Caron Downes, Head of Classics
Over the past year I have been ttrying to find ways to use technology, particularly my i-Pad, in the classroom in a productive manner. I have been using Quick Response (QR) codes to display information in lessosn and to display students’ work. The codes are simple to produce using free online creators and most students have a device that could read them.
I regularly set open-ended homework tasks, particularly for the paralinguistic material in Latin. For these taks my students are very enthusiastic about creating videos and audio clips to show they have read and understood the material. I usually allow a few minutes of ‘show and tell’ of the work students have produced and found they were really keen to see videos others have created. I decvided that it would be motivating for my students if I could display their videos or audio clips on the walls for everyone to watch. I had a private YouTube channel set up by the ICT department at school and through this I was able to use a QR code to link to the YouTube videos to display the work. My students love seeing their work displayed on the walls and I have found their efforts on homework pieces have increased.
In lessons, I have used QR codes to hide information on a topic for the students to find and scan. I have used an outdoor workspace for students to hunt for information on Agricola and the Roman army for Year 10 students who were starting Stage 26 of the Cambridge Latin Course. I created codes with links to Horrible Histories clips on life and punishments in the Roman army and asked students to consider what might happen to Strythio and Modestus if they are caught trying to feel from the camp. I also coded images and information (in English and Latin) about Agricola. This was my first use of QR codes and I asked students to complete exit tickets at the end of the lesson to tell me their thoughts on it. All of the students gave positive feedback about being able to use technology to learn about a new topic and they were pleased that they had been able to find the information at their own pace.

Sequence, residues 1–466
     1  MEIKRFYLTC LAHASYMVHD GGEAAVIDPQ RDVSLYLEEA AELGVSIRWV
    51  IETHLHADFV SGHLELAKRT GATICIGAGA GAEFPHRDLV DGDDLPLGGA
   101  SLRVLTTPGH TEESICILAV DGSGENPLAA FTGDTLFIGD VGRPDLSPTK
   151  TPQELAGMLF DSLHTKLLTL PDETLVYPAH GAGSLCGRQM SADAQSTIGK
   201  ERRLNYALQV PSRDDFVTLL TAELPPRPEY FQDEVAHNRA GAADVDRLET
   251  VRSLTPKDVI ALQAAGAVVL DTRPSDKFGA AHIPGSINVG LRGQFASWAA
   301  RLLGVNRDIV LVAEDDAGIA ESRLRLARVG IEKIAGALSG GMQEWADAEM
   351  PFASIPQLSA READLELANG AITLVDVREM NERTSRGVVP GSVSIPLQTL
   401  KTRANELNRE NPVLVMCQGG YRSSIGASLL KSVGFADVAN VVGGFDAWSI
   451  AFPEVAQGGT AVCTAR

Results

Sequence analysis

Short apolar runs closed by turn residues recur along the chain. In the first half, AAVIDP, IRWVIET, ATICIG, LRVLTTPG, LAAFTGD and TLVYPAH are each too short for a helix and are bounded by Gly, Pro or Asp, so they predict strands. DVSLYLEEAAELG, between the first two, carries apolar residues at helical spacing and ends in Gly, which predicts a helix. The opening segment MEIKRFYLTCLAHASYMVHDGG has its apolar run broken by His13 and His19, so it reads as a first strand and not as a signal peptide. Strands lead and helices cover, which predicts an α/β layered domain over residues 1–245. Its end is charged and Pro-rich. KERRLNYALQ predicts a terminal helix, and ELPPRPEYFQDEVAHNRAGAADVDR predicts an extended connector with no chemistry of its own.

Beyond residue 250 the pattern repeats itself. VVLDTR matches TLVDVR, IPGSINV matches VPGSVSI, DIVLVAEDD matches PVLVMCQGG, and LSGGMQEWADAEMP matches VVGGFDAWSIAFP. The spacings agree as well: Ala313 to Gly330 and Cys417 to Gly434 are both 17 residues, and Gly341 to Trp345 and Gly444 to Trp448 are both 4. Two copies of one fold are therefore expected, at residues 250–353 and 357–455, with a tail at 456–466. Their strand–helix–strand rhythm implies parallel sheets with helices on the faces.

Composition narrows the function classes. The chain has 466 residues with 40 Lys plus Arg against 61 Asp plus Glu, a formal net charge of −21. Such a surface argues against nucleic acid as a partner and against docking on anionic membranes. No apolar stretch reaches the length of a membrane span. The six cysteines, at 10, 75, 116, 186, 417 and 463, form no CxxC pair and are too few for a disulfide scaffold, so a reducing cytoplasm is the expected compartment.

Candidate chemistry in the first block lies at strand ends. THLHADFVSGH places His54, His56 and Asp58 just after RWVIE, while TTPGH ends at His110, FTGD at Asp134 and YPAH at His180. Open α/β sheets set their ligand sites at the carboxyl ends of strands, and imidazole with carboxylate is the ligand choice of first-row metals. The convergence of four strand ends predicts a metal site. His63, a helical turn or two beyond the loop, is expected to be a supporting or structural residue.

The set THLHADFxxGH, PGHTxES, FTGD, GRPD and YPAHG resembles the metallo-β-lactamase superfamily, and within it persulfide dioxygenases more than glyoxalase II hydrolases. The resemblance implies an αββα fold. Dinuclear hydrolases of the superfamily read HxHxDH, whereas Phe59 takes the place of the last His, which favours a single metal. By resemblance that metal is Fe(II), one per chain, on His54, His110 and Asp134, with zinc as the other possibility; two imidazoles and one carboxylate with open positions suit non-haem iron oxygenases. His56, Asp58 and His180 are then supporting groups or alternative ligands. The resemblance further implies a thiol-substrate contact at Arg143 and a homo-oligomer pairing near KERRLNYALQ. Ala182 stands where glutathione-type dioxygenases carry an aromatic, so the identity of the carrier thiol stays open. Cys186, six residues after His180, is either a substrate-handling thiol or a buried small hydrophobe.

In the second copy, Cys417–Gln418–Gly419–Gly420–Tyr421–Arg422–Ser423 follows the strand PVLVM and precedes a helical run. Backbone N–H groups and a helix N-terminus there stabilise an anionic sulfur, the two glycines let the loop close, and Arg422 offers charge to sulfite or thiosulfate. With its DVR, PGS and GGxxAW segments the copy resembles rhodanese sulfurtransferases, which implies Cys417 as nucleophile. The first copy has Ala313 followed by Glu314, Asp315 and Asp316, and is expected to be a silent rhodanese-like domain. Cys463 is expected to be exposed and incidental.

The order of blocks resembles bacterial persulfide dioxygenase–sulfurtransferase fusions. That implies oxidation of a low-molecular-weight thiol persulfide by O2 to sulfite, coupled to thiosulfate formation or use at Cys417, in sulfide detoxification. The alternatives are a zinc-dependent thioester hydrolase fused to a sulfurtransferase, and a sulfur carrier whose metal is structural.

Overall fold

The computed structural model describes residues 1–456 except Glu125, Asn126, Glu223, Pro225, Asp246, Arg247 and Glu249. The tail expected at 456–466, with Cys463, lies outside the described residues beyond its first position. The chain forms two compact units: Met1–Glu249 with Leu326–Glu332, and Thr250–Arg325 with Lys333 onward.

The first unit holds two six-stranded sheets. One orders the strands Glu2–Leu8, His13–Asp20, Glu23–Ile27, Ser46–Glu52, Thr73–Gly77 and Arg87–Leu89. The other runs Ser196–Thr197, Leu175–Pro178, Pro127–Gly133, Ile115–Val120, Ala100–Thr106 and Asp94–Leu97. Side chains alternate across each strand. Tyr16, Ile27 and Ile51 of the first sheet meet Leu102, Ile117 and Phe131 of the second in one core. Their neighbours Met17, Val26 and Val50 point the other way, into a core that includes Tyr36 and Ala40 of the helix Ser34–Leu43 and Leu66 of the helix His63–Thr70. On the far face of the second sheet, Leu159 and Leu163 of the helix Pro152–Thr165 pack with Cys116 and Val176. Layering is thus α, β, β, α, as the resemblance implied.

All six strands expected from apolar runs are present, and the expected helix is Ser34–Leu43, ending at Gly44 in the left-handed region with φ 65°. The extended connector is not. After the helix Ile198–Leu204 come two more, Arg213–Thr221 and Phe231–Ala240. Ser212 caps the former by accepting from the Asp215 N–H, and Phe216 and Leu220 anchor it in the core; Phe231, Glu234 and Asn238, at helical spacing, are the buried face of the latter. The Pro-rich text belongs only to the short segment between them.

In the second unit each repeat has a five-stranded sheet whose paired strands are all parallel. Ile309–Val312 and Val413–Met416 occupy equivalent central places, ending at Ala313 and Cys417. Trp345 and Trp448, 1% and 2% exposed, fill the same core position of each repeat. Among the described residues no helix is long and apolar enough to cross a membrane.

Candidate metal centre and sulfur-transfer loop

I also created a QR code hunt in an introductory lesson on the Eratosthenes / Lysias case for the OCR Examination Board’s GCSE Greek prose set text.
I QR coded the laws and information about Athenian courts as well as creating some speech from three key characters. I turned the classroom upside down to create the crime scene and hid the QR codes amongst the desks. I then drew two silhouettes onto sugar paper and drew around a student onto the whiteboard as the dead body of Eratosthenes and attached QR coded speech to them. The students then had clipboards with their ‘crime investigation sheets’ to fill in to note the information they had found. The students were really excited and took photographs of the classroom to put onto Twitter for their friends to see. Most importantly, they understood - and could recall all year - the main points of the case, the laws involved and the names of the key characters.
Finally, I have found QR codes are a useful way to summarise information for students to scan and read at their own pace. Now that we have completed Cambridge Latin Course Book 4, we are going to put Salvius on trial in the last lesson of the term with the Year 10 class. The students have been finding the ‘crimes’ Salvius has committed from the stodies in the books and coming up with their case against him. To help them to understand how an ancient law court worked, I drew a simple outline of a court on the board and put all the information about who would attend, how they would dress and how someone might defend themselves on the board. The students then drew a copy of the court and annotaged it with the information which one student would scan at a time. This allowed the students to run the activity at their own pace and they were interested in scanning and reading the information rather than listening to me talking them through it. Again the feedback was very positive and the students were engaged throughout the activity. I have used the same idea with my Year 7 students who are at Stage 10 of the Cambridge Latin Course. I coded the information about the ancient classroom and put the codes on objects around the room and asked students to create an annotated drawing of what they thought an ancient classroom may have looked like based on the information. Whilst this activity engaged the studetns it also meant they were able to practice summarising information which the class has struggled with previously.
All of these activities have produced positive feedback from my students both in the exit tickets at the end of a lesson and in feedback forms at the end of the term. The students are motivated and engaged by using the technology and I have not seen any students taking advantage of using their devices in a lesson to go on the internet. I am pleased with the results of using them so far and it seems one of the most effective ways for me to use technology in the classroom, especially whilst I only have a limited number of devices available to use in lessons.